On April 16, 2018, American actress Pamela Gidley, best known for her role as Teresa Banks, the murder victim in the Twin Peaks prequel Fire Walk With Me (1992), died at the age of 52. She passed away "peacefully" at her home in Seabrook, New Hampshire. A cause of death was not been made public.
Gidley, a former child model, was named the "Most Beautiful Girl in the World" by Wilhelmina Modeling Agency in 1985. She transitioned into acting a year later, appearing alongside Josh Brolin and future Twin Peaks co-star Sherilyn Fenn in Thrashin'.
Authorities said the two men were on a morning bike ride in the foothills near North Bend when the attack occurred. The town is about 30 miles east of Seattle.
The mountain lion ran into the woods and officers with the Washington Department of Fish and Game later tracked it down and shot and killed it, said Capt. Alan Myers of the state’s Fish & Wildlife Police.
The 31-year-old survivor was taken to a hospital in Seattle. He was initially listed in serious condition in the emergency room but was alert and talking; his condition was later upgraded to satisfactory, The Seattle Times reported.
A search and rescue team was dispatched to recover the body of the deceased man.
KIRO-TV reported that the injured man called 911 shortly before 11 a.m. and shouted, “Can you hear me? Help!” and then the call hung up.
Authorities found the cougar standing over the body of the dead biker, the station reported. The first man attacked said the cougar had his entire head in the cat's mouth. The second man jumped off his bike, and ran into the forest. The mountain lion, a 3-year-old thin male, chased him down and killed him.
Reporter Andrew W. Griffin reminds us that in the Series 3 opener, "two young people are killed in that first episode by an entity - their heads torn off."
In the last 100 years in North America, roughly 25 fatalities and 95 nonfatal cougar attacks have been reported, the Washington Department of Fish & Wildlife said, but there was only one other fatal attack in the state. However, more attacks have been reported in the western United States and Canada over the past 20 years than in the previous 80 years.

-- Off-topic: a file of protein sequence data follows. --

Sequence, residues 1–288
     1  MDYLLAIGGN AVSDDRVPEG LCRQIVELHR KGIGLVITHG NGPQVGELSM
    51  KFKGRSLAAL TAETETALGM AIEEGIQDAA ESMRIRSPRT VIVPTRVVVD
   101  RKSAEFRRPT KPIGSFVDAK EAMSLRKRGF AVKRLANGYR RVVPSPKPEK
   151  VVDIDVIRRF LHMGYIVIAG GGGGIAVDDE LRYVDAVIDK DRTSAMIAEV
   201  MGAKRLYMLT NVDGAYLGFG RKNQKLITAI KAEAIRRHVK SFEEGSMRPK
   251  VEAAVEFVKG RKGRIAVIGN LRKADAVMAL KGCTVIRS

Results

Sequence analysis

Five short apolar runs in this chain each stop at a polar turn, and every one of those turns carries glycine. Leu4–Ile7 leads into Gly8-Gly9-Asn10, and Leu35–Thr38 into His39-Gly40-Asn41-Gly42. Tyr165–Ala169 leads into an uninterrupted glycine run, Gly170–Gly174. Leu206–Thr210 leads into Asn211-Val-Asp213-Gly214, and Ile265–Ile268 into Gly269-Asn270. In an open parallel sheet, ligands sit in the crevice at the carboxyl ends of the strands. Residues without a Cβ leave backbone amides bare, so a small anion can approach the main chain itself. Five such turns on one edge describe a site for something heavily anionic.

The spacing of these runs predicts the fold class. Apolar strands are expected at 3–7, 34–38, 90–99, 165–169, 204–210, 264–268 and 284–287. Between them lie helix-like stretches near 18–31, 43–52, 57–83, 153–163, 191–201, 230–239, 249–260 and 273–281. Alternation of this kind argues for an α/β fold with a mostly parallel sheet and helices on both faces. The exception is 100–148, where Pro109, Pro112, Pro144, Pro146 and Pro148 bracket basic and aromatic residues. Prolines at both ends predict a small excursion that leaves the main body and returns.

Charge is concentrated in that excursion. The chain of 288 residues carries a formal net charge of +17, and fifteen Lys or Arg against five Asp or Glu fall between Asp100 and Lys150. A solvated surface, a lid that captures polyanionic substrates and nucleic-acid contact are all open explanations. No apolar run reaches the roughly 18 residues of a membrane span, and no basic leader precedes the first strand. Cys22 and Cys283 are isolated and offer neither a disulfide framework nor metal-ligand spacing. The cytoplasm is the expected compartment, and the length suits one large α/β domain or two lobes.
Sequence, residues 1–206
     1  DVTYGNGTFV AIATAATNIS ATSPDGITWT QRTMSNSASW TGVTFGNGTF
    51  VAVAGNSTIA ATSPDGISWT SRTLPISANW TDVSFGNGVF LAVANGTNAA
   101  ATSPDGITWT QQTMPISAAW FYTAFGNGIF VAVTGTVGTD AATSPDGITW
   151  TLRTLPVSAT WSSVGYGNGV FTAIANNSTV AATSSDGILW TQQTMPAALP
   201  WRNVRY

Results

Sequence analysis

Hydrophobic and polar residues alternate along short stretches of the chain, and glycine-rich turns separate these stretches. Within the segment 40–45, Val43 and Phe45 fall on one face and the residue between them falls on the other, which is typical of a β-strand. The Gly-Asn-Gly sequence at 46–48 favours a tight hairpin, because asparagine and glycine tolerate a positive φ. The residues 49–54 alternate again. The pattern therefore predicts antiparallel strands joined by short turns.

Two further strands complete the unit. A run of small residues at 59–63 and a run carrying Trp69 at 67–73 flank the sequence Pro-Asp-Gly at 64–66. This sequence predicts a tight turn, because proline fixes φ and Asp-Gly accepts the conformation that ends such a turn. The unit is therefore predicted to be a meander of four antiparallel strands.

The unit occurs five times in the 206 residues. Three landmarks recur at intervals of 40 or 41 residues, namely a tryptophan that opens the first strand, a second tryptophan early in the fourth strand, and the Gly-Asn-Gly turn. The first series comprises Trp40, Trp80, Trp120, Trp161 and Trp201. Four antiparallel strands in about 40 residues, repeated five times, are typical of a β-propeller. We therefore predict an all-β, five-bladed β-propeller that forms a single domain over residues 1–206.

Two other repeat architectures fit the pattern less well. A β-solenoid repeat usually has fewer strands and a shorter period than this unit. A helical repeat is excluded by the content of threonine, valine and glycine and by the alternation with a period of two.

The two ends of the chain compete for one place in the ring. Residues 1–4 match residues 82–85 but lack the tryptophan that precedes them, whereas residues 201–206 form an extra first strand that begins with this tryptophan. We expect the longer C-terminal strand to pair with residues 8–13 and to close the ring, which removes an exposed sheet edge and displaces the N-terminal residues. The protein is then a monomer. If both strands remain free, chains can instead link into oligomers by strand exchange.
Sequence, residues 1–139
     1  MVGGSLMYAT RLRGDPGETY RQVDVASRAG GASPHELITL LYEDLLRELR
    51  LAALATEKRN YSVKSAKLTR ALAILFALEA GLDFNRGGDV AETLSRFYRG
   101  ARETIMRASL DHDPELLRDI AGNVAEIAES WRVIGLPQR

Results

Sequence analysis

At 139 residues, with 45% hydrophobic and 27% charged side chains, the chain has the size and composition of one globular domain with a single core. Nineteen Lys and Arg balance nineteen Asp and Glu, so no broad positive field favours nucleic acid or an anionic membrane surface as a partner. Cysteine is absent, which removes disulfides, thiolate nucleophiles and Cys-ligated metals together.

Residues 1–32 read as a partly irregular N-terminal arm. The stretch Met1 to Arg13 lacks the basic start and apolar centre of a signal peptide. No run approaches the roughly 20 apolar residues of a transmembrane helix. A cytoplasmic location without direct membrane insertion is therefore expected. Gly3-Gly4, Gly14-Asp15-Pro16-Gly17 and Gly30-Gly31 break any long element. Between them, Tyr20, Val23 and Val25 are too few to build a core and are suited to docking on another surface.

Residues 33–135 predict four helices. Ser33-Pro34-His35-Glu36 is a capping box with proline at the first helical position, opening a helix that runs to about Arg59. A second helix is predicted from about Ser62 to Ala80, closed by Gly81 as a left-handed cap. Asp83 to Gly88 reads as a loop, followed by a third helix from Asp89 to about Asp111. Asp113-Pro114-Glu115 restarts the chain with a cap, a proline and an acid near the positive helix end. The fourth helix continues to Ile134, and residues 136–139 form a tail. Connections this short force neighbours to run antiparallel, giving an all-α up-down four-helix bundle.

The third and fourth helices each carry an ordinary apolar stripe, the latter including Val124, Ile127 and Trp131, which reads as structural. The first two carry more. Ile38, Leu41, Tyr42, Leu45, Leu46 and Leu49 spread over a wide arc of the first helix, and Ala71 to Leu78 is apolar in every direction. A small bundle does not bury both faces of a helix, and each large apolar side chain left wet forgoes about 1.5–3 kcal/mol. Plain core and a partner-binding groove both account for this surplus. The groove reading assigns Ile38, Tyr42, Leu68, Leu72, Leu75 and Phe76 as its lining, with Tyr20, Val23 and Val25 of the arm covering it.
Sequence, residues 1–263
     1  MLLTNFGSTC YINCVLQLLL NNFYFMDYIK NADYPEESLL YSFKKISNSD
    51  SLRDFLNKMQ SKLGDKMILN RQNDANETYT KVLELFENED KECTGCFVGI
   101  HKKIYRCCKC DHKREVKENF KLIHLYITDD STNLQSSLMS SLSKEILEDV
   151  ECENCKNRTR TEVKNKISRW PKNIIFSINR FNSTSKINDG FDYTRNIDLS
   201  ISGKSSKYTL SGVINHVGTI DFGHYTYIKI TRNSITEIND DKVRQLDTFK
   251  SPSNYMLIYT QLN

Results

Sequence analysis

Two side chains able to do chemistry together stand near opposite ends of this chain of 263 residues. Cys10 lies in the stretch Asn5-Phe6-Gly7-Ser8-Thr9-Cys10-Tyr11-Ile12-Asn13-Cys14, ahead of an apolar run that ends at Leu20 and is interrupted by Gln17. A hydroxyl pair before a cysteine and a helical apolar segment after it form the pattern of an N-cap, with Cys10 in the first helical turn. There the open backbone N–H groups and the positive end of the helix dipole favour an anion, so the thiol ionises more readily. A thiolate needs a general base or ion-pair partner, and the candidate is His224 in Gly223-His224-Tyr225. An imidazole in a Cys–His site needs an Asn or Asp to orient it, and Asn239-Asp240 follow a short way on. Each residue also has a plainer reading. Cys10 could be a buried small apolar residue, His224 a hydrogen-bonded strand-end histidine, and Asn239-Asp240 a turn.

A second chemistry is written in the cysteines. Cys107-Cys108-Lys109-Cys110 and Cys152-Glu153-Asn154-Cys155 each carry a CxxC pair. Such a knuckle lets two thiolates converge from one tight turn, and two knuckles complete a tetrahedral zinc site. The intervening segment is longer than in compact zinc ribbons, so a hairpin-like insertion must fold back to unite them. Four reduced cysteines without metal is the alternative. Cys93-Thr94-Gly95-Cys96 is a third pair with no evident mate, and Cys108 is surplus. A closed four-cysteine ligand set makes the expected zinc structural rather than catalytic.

(1) On that same road nine years after Twin Peaks premiered, then 39-year-old Dayva Cross stabbed his wife and two of his stepdaughters to death in their rambling brown ranch house. He kept a third stepdaughter captive in his bedroom for hours, dragging her out occasionally so he could refill his wine glass.
The 13-year-old escaped. Police later found Cross slumped on his bed, smoking a cigarette. The crime rattled Snoqualmie, which was already on edge. Because two weeks before Cross’s killing spree, a family dog in the area had brought home a grisly trophy: part of a human hand that police later traced to a woman’s remains.
(2) In the decade before Twin Peaks, the Green River Killer began his deadly rampage throughout the Pacific Northwest. Gary L Ridgway, described as America’s most prolific serial killer, was a commercial truck painter who preyed on women at the margins of society.
In 2003, he led investigators to the remains of April Buttram, 17, one of at least five victims he buried in and around Snoqualmie and North Bend. The teenager had disappeared 20 years earlier.
(3) In 2014, a tiny body was discovered along a lonely stretch of country road between Snoqualmie and North Bend. Her umbilical cord was still attached. She was wrapped in a towel. Local authorities in rural Washington state named her Baby Kimball, after the creek near where she was found. Three years have passed. Her life and death remain a mystery. But Valley residents have since erected a small shrine on Southeast North Bend Way to mark where the newborn was discarded. Its sides are rough wood; its roof, pale green metal siding. Inside, there’s a white cross with Baby Kimball written in black marker.